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Black Episcopalians

People of African descent have a long heritage in the Episcopal Church. Over the past 130 years there have been 38 Black bishops consecrated in the Episcopal Church. These bishops hail from the African Diaspora, as well as Africa. All bishops are assigned a number by the Secretary of the House of Bishops according to their date of consecration. For example, Bishop James Theodore Holly was the first Black Episcopal Bishop, consecrated November 8, 1874, the first Bishop of Haiti, number 106a. The most recently consecrated Black bishop is number 1010 in the American Succession, Nathan D. Baxter, Bishop of the Diocese of Central Pennsylvania, consecrated October 21, 2006.

Today the Episcopal Church maintains a directory of Black Congregations by diocese, along with resources tailored specifically for Black congregations. The Episcopal Church in the United States is a member church of the worldwide Anglican Communion. It is a mainline Christian denomination divided into nine provinces. The presiding bishop of the Episcopal Church is Michael Bruce Curry, the first African-American bishop to serve in that position. The church was organized after the American Revolution, when it became separate from the Church of England, whose clergy are required to swear allegiance to the British monarch as Supreme Governor of the Church of England.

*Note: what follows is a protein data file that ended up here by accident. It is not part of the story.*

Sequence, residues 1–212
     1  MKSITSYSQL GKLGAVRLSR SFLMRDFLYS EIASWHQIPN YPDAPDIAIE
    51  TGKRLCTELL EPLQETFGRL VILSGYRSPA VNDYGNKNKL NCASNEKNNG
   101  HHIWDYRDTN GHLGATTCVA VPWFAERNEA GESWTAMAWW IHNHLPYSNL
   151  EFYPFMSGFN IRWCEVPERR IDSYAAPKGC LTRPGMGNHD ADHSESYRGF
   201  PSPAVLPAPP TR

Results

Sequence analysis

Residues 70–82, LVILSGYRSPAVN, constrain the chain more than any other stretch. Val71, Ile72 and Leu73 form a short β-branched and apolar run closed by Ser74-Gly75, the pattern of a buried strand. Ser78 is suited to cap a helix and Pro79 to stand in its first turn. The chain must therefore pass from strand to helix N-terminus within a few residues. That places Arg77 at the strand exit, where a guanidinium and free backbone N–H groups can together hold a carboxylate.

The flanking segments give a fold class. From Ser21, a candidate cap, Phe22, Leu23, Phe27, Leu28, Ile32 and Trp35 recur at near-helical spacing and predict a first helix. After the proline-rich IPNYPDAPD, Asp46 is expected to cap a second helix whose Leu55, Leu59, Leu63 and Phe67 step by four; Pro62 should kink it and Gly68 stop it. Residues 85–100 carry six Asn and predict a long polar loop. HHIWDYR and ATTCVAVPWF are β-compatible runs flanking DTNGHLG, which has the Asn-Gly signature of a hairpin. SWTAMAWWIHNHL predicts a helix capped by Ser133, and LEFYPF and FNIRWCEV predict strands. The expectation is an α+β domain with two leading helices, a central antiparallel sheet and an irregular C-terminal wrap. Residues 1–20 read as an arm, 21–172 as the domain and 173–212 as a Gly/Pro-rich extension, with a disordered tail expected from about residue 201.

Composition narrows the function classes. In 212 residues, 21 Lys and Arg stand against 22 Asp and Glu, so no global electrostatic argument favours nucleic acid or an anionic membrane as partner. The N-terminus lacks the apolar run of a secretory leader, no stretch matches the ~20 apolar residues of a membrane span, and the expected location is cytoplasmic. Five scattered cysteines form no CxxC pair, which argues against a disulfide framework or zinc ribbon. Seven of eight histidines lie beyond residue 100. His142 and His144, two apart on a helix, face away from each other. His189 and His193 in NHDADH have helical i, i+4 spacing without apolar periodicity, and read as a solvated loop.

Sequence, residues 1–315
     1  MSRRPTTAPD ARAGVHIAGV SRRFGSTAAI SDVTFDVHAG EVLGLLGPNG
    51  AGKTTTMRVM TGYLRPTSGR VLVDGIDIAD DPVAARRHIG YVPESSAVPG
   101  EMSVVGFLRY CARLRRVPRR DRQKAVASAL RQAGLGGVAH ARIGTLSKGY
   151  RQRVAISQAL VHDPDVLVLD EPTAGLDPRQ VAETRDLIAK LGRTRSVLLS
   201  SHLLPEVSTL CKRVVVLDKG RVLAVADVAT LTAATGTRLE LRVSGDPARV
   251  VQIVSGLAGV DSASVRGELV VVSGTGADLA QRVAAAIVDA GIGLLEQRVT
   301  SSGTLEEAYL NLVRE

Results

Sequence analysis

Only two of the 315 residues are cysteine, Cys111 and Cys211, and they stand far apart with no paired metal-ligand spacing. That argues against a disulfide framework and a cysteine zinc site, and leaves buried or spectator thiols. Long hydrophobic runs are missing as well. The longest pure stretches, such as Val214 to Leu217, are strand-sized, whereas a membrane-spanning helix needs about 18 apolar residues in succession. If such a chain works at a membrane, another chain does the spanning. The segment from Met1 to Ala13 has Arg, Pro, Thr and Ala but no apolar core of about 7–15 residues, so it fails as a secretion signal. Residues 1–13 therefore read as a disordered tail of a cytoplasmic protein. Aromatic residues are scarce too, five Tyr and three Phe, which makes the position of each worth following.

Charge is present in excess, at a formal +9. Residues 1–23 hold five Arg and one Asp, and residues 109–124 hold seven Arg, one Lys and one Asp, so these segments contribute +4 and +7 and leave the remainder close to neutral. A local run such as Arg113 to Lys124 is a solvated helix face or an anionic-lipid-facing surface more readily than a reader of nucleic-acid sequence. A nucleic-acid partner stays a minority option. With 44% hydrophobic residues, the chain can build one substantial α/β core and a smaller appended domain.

The Book of Common Prayer, a collection of traditional rites, blessings, liturgies and prayers used throughout the Anglican Communion, is central to Episcopal worship. The Episcopal Church was active in the Social Gospel movement of the late 19th and early 20th centuries. Since the 1960s and 1970s, the church has pursued a decidedly more liberal course. It has opposed the death penalty and supported the Civil Rights Movement and affirmative action. Some of its leaders and priests are known for marching with influential civil rights demonstrators such as Martin Luther King, Jr. The church calls for the full legal equality of LGBT people. In 2015, the church’s 78th triennial General Convention passed resolutions allowing the blessing of same-sex marriages and approved two official liturgies to bless such unions.x The Episcopal Church ordains women and LGBT people to the priesthood, the diaconate and the episcopate, despite opposition from a number of other member churches of the Anglican Communion. In 2003, Gene Robinson became the first openly gay person ordained as a bishop.